(When) Should UCF Expand Their Stadium?

The UCF Knights football team has experienced unprecedented amounts of success on and off the field. 2019 marks the first year since building an on-campus stadium in 2007 that the team has sold out of season tickets. Spectrum Stadium currently holds 44,206 fans and has a variety of seating options. Now, some folks want to talk about expanding the stadium, including UCF Athletic Director Danny White.
So, let’s talk expansion.

Two Positions, Same Desire

The loudest voices in the expansion of Spectrum Stadium divide into two camps: (1) expand now because there is a waitlist and students are being turned away; and (2) don’t expand because we don’t know the number of folks who will attend games when UCF has a down year or multiple underachieving teams in a row.
Timing seems to be the crux of the expansion discussion. I doubt very much that most people areagainst expanding the stadium. Since we’re all mostly on board with expansion, let’s take a look at some numbers.

Spectrum Stadium vs. The Field

Spectrum Stadium currently holds 44,206 people. How does that stack up against other G5, P5, and FBS stadiums in general?
The average G5 stadium holds 34,623 people. UCF’s stadium is the 12th largest among G5 schools and the 5th largest on-campus stadium among G5 schools. In the AAC, UCF’s stadium ranks 5th in terms of capacity and 2nd for on-campus stadiums behind only ECU which holds 50,000.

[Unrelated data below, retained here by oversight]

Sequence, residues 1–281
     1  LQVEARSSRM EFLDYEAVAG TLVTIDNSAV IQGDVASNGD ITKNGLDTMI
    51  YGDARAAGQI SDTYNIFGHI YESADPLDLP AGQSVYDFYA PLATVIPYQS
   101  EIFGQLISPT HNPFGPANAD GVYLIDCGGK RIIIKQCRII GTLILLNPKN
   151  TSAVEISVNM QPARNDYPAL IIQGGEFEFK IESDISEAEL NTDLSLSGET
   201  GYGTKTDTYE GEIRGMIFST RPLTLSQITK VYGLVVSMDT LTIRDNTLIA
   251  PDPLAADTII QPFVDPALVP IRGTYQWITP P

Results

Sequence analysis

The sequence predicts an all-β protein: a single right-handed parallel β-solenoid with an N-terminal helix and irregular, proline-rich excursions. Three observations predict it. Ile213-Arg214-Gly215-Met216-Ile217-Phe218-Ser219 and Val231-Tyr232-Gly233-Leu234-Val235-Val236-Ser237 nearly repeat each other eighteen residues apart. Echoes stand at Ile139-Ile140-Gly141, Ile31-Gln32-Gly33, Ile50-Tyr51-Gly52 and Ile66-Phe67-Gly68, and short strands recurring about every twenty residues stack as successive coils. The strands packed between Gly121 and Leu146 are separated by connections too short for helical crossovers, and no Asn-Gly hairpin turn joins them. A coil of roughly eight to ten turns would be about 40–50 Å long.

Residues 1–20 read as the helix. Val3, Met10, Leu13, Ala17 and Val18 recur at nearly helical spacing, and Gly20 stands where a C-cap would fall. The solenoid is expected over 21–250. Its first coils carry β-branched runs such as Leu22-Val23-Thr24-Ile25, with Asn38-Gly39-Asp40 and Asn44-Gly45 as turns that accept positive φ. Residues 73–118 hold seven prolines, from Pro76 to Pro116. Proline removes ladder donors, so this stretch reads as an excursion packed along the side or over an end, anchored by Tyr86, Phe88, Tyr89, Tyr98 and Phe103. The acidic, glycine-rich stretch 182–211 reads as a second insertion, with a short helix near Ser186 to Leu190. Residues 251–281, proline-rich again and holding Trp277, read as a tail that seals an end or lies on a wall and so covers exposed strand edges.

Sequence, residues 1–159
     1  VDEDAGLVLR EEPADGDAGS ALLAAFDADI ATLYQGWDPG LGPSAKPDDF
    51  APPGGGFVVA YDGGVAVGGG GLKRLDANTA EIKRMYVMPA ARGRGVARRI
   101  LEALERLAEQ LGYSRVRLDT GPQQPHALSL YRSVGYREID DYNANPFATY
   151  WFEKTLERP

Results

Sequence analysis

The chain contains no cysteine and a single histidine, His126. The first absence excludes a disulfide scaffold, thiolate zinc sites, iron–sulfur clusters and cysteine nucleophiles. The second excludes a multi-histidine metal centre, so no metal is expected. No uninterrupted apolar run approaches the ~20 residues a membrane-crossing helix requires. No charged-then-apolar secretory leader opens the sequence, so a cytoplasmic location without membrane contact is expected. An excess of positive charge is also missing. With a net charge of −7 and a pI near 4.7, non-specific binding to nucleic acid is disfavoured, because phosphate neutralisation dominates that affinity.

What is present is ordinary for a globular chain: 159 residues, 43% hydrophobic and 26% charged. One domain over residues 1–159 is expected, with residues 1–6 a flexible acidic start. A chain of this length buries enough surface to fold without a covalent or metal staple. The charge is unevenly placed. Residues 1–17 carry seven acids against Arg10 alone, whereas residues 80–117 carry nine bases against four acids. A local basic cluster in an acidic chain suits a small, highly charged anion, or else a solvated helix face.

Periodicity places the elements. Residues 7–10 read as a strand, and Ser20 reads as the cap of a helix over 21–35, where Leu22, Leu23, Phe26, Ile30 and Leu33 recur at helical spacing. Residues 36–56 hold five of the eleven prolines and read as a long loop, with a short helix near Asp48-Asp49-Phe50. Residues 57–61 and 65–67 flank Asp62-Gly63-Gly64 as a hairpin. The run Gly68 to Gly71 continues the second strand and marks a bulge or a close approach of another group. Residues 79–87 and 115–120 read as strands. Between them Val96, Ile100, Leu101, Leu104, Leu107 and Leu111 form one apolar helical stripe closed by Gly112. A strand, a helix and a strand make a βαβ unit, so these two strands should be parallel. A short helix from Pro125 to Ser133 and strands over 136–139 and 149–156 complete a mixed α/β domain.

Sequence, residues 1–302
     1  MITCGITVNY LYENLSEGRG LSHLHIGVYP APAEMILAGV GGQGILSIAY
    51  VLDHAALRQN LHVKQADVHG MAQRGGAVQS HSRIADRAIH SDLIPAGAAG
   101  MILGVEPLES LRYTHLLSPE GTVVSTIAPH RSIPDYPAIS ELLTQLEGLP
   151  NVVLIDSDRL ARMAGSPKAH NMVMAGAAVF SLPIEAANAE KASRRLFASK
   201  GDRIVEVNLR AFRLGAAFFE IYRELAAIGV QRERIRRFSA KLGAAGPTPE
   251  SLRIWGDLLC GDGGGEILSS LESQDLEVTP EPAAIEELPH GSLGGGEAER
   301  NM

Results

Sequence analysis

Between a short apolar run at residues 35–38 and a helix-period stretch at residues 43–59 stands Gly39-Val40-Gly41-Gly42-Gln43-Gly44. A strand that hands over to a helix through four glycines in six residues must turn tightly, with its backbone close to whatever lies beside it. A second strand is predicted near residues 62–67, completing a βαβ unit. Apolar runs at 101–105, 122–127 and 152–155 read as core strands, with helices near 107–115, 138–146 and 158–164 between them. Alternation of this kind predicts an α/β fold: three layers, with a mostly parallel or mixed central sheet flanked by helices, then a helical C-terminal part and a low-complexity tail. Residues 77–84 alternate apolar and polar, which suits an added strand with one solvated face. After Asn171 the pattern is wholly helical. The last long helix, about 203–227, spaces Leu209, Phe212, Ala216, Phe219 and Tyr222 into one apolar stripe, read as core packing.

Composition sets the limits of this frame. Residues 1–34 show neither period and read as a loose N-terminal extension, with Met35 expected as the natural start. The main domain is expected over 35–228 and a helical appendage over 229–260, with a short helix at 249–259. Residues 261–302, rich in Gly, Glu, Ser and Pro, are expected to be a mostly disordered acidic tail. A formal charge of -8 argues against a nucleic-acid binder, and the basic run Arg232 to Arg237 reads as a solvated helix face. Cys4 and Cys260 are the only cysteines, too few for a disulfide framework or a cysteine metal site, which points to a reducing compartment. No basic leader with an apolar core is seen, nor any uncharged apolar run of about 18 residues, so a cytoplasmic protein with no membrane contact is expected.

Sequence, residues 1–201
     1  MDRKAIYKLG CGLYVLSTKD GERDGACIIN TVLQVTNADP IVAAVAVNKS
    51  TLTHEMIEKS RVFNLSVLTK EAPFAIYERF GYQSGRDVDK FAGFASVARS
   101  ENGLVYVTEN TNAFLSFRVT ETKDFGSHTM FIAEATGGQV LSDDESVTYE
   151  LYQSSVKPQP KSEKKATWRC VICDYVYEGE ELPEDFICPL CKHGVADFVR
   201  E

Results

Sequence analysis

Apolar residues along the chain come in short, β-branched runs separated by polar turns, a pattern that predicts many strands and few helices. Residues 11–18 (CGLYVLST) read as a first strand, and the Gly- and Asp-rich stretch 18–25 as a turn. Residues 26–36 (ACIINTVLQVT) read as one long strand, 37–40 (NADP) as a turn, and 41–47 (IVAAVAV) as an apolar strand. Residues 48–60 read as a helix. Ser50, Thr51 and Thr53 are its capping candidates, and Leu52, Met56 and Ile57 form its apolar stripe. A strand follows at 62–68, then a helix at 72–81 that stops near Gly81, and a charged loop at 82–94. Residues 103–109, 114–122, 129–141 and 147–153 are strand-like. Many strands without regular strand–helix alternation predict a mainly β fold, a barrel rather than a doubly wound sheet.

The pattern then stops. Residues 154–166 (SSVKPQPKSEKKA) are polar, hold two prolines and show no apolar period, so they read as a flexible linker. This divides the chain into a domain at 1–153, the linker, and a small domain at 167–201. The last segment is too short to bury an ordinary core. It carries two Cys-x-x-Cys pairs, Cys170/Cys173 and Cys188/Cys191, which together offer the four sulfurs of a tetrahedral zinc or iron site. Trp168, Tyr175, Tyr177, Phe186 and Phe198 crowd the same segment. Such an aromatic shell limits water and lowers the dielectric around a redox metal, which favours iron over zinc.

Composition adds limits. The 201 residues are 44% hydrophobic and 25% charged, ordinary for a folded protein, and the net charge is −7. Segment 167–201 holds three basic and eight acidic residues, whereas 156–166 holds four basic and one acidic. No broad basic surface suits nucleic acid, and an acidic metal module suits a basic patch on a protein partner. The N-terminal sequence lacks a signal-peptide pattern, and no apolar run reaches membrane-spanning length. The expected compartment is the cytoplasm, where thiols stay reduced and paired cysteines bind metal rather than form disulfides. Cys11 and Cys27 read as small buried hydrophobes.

The average P5 stadium holds 66,739 people. UCF’s stadium is only larger than 5 other P5 stadiums. The most probable landing spot for UCF should expansion occur is the Big 12, where UCF would have the smallest stadium in terms of capacity, although not by much (Baylor holds 45,140 and TCU holds 46,000).
The average FBS stadium holds 50,928 people. UCF’s stadium ranks 73rd among all FBS stadiums.
UCF’s stadium’s current configuration ranks below average overall for FBS in terms of capacity, ranking high among G5 schools but low among P5 schools.
If UCF expands the stadium to 55,000, Spectrum Stadium would rank 45th among P5 teams, 6thamong G5 teams (1st in on-campus stadiums), and 50th overall in FBS. Expanding drastically to 65,000 would put Spectrum Stadium at 28th among P5 teams, 4th among G5 teams, and 31st overall.

But Wait, There’s More!

UCF and Danny White have much to consider when it comes to stadium expansion. Here are my thoughts currently:
Students — Expanding the stadium would allow more students to attend games. Right now, this is a big deal as not a few students are being turned away at the gate. At UCF, students pay a significant fee that supplements the athletic department’s budget. So in a way, all those students getting turned away have paid for access to UCF sports and are not receiving what they’ve paid for. On the other hand, students can be the most fickle of fans. In a blowout, the student section can clear out pretty quickly. Additionally, students also tend to not support an underachieving team.
Premium Seating — Expanding the stadium also might allow for more premium seating, which really helps the bottom line. The addition of another tower (or expansion of the current one) could be a boon for a cash-strapped G5 team with P5 dreams. UCF has done a great job creating unique stadium experiences for those who want to pay extra.